Another Round: Mads Mikkelsen served with heady twist
Midlife crisis gets a heady twist in Thomas Vinterberg’s tragicomedy, serving Mads Mikkelsen on the rocks. “Another Round” (titled “Druk” in original Danish version) kicks in its plot by reversing the premise of alcoholism as cinema normally peddles it. For a change, this isn’t about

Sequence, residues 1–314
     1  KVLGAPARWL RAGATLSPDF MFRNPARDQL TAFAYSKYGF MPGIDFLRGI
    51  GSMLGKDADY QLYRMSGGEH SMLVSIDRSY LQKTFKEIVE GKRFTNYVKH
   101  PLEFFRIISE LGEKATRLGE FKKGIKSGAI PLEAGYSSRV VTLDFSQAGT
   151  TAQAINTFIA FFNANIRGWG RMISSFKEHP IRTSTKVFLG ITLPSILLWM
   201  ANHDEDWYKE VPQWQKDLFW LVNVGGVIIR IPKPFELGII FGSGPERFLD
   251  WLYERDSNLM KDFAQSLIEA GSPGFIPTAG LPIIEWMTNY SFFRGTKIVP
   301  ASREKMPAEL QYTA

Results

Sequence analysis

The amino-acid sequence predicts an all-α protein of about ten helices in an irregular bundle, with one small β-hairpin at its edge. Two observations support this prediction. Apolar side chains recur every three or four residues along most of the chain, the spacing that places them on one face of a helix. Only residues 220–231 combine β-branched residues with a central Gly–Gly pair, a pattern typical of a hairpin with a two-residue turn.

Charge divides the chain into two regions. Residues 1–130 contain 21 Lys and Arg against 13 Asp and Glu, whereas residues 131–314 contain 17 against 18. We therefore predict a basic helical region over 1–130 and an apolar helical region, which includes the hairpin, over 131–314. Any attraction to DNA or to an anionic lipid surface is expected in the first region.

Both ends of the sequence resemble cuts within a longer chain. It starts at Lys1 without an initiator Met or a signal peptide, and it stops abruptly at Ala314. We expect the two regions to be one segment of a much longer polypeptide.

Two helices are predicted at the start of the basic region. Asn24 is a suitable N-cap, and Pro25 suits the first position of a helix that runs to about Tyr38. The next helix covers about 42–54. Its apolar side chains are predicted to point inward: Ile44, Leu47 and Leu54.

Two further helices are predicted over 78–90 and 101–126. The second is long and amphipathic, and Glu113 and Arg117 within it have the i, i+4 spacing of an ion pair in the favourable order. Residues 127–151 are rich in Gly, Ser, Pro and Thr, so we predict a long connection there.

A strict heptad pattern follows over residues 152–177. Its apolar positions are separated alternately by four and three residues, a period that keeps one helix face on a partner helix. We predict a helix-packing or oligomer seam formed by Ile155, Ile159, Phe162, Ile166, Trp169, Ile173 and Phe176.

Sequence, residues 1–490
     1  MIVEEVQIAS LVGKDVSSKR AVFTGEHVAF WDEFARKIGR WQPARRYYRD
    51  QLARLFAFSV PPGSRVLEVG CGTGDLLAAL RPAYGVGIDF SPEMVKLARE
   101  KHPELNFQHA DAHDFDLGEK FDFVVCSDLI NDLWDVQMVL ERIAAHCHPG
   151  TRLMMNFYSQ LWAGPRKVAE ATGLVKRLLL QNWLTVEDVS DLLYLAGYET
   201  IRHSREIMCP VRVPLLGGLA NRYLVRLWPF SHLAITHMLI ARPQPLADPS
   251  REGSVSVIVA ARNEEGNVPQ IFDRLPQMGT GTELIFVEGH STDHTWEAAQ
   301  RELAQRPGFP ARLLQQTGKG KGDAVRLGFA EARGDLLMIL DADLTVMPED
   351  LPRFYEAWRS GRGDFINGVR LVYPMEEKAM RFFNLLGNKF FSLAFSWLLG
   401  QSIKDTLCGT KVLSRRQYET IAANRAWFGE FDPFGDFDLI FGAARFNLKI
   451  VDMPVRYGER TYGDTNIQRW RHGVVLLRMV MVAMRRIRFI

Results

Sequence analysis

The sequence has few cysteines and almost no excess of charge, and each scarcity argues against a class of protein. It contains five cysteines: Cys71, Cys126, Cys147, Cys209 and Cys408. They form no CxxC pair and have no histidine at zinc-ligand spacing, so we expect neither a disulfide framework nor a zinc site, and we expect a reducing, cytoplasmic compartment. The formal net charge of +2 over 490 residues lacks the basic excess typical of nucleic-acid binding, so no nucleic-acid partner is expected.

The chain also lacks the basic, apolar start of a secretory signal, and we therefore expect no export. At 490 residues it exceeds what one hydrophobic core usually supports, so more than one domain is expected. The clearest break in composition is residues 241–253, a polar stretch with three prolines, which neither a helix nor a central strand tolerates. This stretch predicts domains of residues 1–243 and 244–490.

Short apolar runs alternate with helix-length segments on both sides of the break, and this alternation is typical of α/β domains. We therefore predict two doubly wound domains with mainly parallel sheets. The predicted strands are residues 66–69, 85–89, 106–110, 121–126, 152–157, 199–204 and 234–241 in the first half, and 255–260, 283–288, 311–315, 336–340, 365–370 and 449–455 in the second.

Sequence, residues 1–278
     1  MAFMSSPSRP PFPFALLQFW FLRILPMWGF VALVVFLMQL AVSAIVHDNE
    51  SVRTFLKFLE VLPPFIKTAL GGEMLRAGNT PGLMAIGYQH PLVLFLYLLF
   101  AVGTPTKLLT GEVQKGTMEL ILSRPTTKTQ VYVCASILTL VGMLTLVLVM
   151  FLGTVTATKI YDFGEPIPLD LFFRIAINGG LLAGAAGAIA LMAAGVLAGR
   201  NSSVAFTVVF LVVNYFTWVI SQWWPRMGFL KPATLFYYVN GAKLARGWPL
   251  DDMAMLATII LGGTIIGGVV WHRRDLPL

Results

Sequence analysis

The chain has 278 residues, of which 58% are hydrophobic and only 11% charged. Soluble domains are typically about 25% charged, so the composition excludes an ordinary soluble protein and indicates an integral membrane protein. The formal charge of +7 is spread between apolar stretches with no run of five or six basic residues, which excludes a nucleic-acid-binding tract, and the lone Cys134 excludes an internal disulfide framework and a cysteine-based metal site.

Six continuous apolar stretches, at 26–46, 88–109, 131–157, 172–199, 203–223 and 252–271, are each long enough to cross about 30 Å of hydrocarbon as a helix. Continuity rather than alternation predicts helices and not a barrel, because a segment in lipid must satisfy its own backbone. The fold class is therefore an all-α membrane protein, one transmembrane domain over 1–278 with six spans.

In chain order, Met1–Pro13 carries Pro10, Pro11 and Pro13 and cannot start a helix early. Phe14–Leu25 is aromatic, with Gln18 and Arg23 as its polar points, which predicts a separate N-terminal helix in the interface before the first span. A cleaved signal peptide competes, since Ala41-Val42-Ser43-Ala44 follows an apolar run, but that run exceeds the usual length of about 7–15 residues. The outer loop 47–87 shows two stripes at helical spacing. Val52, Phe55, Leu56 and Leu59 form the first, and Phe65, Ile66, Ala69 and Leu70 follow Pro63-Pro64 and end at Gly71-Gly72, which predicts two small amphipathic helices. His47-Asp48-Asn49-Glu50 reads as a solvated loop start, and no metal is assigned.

Los Angeles : Midlife crisis gets a heady twist in Thomas Vinterberg’s tragicomedy, serving Mads Mikkelsen on the rocks. “Another Round” (titled “Druk” in original Danish version) kicks in its plot by reversing the premise of alcoholism as cinema normally peddles it. For a change, this isn’t about binge-swigging youngsters who invite trouble with sozzled antics. While that bunch indifferently lolls about fiddling with their smartphones in this film, the story here is about their fathers who drink themselves into misadventure. But Vinterberg’s film isn’t necessarily just about midlife crisis. It is about understanding the inherent midlife crisis of its four protagonists through the lens of coming-of-age confusion. There’s an element of likeness among addictions — the smartphone and the bottle — that the plot points at. If the young everywhere are increasingly poring over their touch screens for social media solace, and the middle-aged are yet to grow up beyond similar emotional fragility — at least, going by this script. The forces driving both are loneliness and the need to belong. The element of midlife crisis becomes all the more interesting because its victims — four friends — are teachers, men who must, at all times, be in control before their wards. The four friends teach in the same school in an unspecified town of Denmark, and their individual stories underline all that has gone wrong with their lives. Martin (Mikkelsen) is a history teacher and father of two, navigating rough weather at home with wife Anika (Maria Bonnevie). Tommy (Thomas Bo Larsen), is the games instructor and a bachelor. Peter (Lars Ranthe), also a bachelor, teaches music, while Nikolaj (Magnus Millang) is the psychology teacher. He is married, and has three little boys who leave him with little time for himself. One day, Nikolaj comes up with a most original theory, citing the Norwegian psychologist, Finn Skarderund. He claims the blood-alcohol level in humans is normally lower than optimum, and suggests that if a person were to drink enough to restore the deficit (said to be 0.5 per cent), life could be beautiful in every way. There would also be a marked improvement in whatever one does. It starts off as a ride on the wild side for the friends, as they set about with their wonky experiment. Vinterberg and co-writer Tobias Lindholm craft a bittersweet account riding humour that, by turns, unfolds as subtle wit and in-your-face slapstick. Yet there is the undercurrent bleakness that never leaves their lives. Driven partly by the need to succeed with their experiment and partly by growing addiction, the four friends begin drinking in school, too. “Another Round” unfolds amidst all-too-believable characters and narrative backdrop, but never gets too commentative about its protagonists. It’s fascinating to note how a storyline about alcoholics portrays its protagonists with the comic quotient intact, but never resorts to the caricature cliches that cinema often reserves for drunkard portrayals. A remarkable cast does impressively while bringing to life the characters. Mikkelsen, particularly, goes characteristically minimal for maximum impact, while bringing alive Martin. It is an authorbacked role, flawlessly rendered. The actor and his castmates get ample support from a crew that excel in every aspect of filmmaking — Sturla Brandth Grovlen’s cinematography and Janus Billeskov Jansen’s music are particularly exceptional for the way they bring alive Vinterberg’s storytelling, never letting the film’s grey subtext overshadow its entertainment value. Mikkelsen, Vinterberg and company have mixed it just right — wicked, funny, and ironic in the right proportions. Deservedly, a contender at the Oscars for Best Director and Best International Feature Film, though we’d root for a nomination for Mikkelsen, too.